House passes budget resolution

After a day of negotiations, the House today passed the fiscal year 2022 budget resolution that the Senate had passed earlier, setting up the conditions for a budget reconciliation bill and a vote on the Infrastructure Investment and Jobs Act that passed the Senate, probably in September.

The resolution calls for the spending of $3.5 trillion over 10 years.

The vote was 220 to 212, along party lines. The bill was a rule providing for consideration of S.Con. 14 setting the congressional budget for the federal government for fiscal year 2022 and setting forth the appropriate budgetary levels for fiscal years 2023 through 2031; H.R. 4, John R. Lewis Voting Rights Advancement Act of 2021; and Senate Amendment to H.R. 3684, Infrastructure Investment and Jobs Act.

“In the end, Democrats reached a compromise that allowed them to forge ahead – with a commitment that the House intends to vote on the infrastructure proposal late next month. Democrats insisted the target date is more than symbolic, even though it mostly adheres to [House Speaker Nancy] Pelosi’s earlier pledge to tackle public-works spending before Oct. 1, when some federal highway programs are set to expire anyway,” The Washington Post reported. The working date for House floor consideration of the Infrastructure Investment and Jobs Act is Sept. 27.

“In a sign of the staunch opposition they are soon to face, every House GOP lawmaker on Tuesday voted against the budget, which also set in motion a chamber debate over reforms to federal election laws,” The Post added.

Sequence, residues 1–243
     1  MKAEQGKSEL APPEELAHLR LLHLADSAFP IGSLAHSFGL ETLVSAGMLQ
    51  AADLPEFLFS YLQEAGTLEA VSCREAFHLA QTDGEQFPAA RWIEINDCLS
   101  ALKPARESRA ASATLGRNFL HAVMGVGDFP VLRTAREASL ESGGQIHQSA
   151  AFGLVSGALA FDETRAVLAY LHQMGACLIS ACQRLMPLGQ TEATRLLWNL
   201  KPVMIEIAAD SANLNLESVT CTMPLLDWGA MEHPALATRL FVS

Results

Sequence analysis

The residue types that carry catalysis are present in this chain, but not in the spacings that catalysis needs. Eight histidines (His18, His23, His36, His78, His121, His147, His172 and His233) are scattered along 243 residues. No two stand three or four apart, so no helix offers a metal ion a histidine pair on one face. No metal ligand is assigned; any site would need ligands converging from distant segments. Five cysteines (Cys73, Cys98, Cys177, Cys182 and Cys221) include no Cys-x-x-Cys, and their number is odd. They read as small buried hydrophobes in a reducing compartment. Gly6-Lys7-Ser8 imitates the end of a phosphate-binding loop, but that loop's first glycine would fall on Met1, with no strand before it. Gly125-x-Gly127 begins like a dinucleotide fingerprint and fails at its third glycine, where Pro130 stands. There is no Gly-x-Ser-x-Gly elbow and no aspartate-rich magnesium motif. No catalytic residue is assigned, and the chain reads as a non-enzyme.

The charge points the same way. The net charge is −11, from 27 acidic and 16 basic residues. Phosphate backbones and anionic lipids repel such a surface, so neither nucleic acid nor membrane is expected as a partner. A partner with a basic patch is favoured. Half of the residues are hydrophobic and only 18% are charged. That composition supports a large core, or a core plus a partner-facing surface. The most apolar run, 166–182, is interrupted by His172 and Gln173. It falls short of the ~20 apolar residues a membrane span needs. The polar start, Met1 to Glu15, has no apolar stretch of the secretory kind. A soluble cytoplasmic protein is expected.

After the vote, House Education and Labor Committee Chairman Robert C. “Bobby” Scott, D-Va., said, “The House of Representatives has taken an important step toward delivering on President Biden’s plan to lower costs for families, create good-paying jobs for workers, and invest in the health and well-being of the American people.

“Today’s vote advances the bipartisan infrastructure bill that will create millions of new jobs while simultaneously unlocking the potential for Congress to make historic investments in our future. It is a step closer to affordable child care, universal pre-K, and more funding to fight child hunger. It is a step closer to better and safer schools, affordable higher education, and high-quality job training that will help rebuild America’s middle class.

“I look forward to leading the Education and Labor Committee’s effort to deliver these urgently needed investments on behalf of workers and families across the country.”


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